It has recently been shown that the anti-inflammatory effect of the steroids is due, at least in part, to their ability to induce the secretion of proteins which bind to and inhibit the phospholipase enzymes which are responsible for the release of arachidonic acid. Hirata, F., J Biol Chem (1981) 256:7730-7733. This inhibitor has been designated macrocortin (Blackwell, R. J., et al, Nature (1980) 287:147-149); renocortin (Russo-Marie, F., et al, Biochim Biophys Acta (1982) 712:177-185); or lipomodulin (Hirata, F., et al, Proc Natl Acad Sci (USA) (1980) 77:2533-2536). The proteins have been partially purified from rat and rabbit cells, and appear to be immunologically cross-reactive (Hirata, F., et al, Biochem Biophys Res Comm (1982) 109:223-230; Rothhut, B., et al, ibid (1983) 117:878-884).
Recently, a human form of the inhibitor termed lipocortin has been identified in human fibroblasts (Errasfa, M., et al, Biochim Biophys Acta (1985) 847:247-254. Also Wallner, B. P., et al, Nature (1986) 320:77-81 and Pepinsky, R. B., et al, J Biol Chem (1986) 261:4239-4261, have reported the isolation and sequencing of rat lipocortin, and the cloning of its human analog, which is a PA2 inhibitor in vitro.
Direct administration of the proteins which inhibit arachidonic acid formation rather than of the glucocorticoids, which stimulate the production of these proteins, would result in the advantages of steroid control of inflammation without exposing the subject to the risk of the attendant side effects. However, the human form of this protein is not available in purified form. It would, of course, be highly desirable to have pure human phospholipase inhibiting protein (PIP) in sufficient purity and amount to permit such direct treatment of unwanted inflammatory response.
The invention provides purified human phospholipase inhibitory protein (hPIP) and materials useful in its production by recombinant technology. A material purified to apparent homogeneity from human peritoneal dialysis fluid having a single 40 kd band on SDS-PAGE contains substantial amounts of apolipoprotein. IV (apoAIV) and significant PIP activity. Immunization of rabbits with protein eluted from this 40 kd band raises antisera capable of reacting both with apoAIV and with PIP. These antibodies are thus appropriate for screening recombinant and other cells for hPIP production.
Human PIP free from other proteins normally in association with it is obtained in two ways, by direct purification from peritoneal dialysis fluid, and by production using recombinant hosts. Accordingly, in one aspect, the invention relates to human PIP in substantially pure form. In another aspect, the invention relates to a protein having human PIP activity which comprises the amino acid sequence set forth in FIG. 13. In still another aspect, the invention relates to a process for the preparation of purified hPIP from peritoneal dialysis fluid and to the product of that process. The product of the purification process is characterized by a 36 kd or 40 kd molecular weight in the nonglycosylated or glycosylated form, respectively, and by PIP activity.
Pure hPIP may also be produced using recombinant techniques. Accordingly, other aspects of the invention relate to this recombinantly produced hPIP in both nonglycosylated and glycosylated form, to expression systems which permit production of this protein in recombinant hosts, to vectors containing the expression system, to hosts transformed with the system and to a method of producing hPIP by culturing recombinant host cells.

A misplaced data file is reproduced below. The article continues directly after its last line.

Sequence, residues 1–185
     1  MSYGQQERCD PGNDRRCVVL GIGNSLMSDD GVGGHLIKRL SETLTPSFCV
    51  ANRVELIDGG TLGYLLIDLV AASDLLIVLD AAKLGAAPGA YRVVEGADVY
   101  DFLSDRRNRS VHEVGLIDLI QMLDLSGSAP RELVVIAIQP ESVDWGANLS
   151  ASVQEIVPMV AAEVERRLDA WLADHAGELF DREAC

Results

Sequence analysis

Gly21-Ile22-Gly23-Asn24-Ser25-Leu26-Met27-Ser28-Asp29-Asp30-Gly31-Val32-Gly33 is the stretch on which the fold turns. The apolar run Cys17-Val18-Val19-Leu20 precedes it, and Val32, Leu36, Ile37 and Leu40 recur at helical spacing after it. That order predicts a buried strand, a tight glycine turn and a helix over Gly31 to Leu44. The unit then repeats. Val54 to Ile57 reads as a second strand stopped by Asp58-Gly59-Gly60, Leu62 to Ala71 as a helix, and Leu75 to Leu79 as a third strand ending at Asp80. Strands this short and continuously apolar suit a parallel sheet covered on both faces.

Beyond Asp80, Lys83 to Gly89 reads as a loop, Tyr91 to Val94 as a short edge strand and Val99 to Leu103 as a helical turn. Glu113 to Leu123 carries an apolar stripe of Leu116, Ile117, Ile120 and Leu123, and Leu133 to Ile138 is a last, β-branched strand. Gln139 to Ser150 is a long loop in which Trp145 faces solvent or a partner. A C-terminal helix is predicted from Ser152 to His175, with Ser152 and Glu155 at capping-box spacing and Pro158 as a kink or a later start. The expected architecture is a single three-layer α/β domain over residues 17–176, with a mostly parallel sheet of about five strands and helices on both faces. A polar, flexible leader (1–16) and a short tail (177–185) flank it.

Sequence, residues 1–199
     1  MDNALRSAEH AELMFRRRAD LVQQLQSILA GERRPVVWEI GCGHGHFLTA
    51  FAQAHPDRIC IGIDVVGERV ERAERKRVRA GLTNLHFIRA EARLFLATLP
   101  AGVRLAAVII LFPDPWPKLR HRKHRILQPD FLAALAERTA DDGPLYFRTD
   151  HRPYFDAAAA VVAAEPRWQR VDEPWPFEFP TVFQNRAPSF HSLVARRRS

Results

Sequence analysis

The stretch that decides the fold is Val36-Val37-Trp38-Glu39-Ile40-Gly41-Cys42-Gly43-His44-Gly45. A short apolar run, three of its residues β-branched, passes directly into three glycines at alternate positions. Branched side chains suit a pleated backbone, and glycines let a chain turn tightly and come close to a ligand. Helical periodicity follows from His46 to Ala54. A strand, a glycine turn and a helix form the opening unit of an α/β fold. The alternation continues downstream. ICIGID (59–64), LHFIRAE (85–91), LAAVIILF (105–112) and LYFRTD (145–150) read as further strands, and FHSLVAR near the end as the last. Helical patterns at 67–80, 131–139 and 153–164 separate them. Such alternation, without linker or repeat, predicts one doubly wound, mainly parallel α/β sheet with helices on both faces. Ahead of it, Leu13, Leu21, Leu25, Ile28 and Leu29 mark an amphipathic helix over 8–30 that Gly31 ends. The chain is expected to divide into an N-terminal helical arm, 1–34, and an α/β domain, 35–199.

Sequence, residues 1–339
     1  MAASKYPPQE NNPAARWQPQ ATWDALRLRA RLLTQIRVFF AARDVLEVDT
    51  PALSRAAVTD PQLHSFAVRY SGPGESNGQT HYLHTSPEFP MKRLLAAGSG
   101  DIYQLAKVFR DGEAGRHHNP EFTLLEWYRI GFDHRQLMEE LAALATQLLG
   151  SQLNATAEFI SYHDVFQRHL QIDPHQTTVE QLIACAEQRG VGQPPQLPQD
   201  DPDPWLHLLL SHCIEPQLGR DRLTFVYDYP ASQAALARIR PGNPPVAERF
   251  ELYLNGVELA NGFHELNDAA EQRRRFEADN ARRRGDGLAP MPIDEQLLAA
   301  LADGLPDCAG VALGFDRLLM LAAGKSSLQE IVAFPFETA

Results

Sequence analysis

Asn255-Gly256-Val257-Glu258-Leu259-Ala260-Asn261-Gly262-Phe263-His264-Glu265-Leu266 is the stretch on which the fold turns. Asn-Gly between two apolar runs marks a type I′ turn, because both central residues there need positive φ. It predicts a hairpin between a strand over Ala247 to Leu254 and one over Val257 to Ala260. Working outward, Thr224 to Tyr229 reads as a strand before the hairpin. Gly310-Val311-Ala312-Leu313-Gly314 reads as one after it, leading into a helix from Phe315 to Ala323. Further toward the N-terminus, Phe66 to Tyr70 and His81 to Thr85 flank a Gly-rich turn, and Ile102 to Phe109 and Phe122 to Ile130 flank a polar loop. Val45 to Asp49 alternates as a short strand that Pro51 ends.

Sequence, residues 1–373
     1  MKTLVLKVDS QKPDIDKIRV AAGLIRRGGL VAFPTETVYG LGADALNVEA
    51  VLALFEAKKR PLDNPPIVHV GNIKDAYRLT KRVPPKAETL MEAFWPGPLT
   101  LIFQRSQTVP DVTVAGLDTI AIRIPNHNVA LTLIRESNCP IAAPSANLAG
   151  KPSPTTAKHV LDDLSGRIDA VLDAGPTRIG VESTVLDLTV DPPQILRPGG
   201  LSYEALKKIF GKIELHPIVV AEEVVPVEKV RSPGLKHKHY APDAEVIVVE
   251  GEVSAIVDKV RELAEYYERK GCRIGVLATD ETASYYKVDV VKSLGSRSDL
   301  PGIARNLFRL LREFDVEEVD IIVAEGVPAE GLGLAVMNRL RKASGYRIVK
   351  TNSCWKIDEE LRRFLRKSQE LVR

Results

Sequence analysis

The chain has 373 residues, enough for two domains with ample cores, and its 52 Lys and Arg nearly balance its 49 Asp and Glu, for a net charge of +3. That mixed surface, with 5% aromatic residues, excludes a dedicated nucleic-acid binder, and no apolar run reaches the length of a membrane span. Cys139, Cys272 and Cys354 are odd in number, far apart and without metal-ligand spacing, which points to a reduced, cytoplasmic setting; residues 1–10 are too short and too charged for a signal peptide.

In still other aspects, the invention relates to the antibodies produced in response to administration of the 40 kd mixture of apoAIV and PIP and of the PIP protein of the invention itself, to pharmaceutical compositions containing PIP, and to methods for ameliorating inflammation in human and veterinary subjects using such compositions or purified PIP. It appears that PIP may be stabilized by the presence of apoAIV, and compositions containing PIP in admixture with apoAIV are specifically useful as pharmaceuticals.
FIG. 1 shows the arachidonate cascade and the eicosanoid products of the reaction scheme.
FIG. 2 shows an outline of the purification procedure used herein.
FIGS. 3A-C show elution patterns obtained when the 40%-60% saturation ammonium sulfate fraction of peritoneal dialyzate is subjected to Affi-gel blue. concanavalin A-sepharose, and DEAE cellulose chromatography.
FIG. 4 shows the results of SDS-PAGE on unpurified and purified fractions of peritoneal dialysis fluid.
FIG. 5 shows relative PIP activity at various stages of the purification scheme.
FIG. 6 shows the results of analytical reverse-phase high performance liquid chromatography (RP-HPLC) performed on the activity-containing fractions from a concanavalin A-sepharose column.
FIG. 7 displays the ability of polyclonal antisera directed against purified hPIP to detect hPIP in various fractions during the purification procedure.
FIG. 8 shows detection of hPIP bound to PA2 by anti-40 kd antibodies.
FIG. 9 shows the results of Western Blot for cells producing hPIP.
FIG. 10 shows the nucleotide and deduced amino acid sequence for the insert in pU200.
FIG. 11 shows the nucleotide and deduced amino acid sequence for the insert in pU500.
FIG. 12 shows the nucleotide and deduced amino acid sequence for the insert in p600.
FIGS. 13A-B show the nucleotide and deduced amino acid sequence for the insert in pLE-1 having the complete coding sequence for hPIP.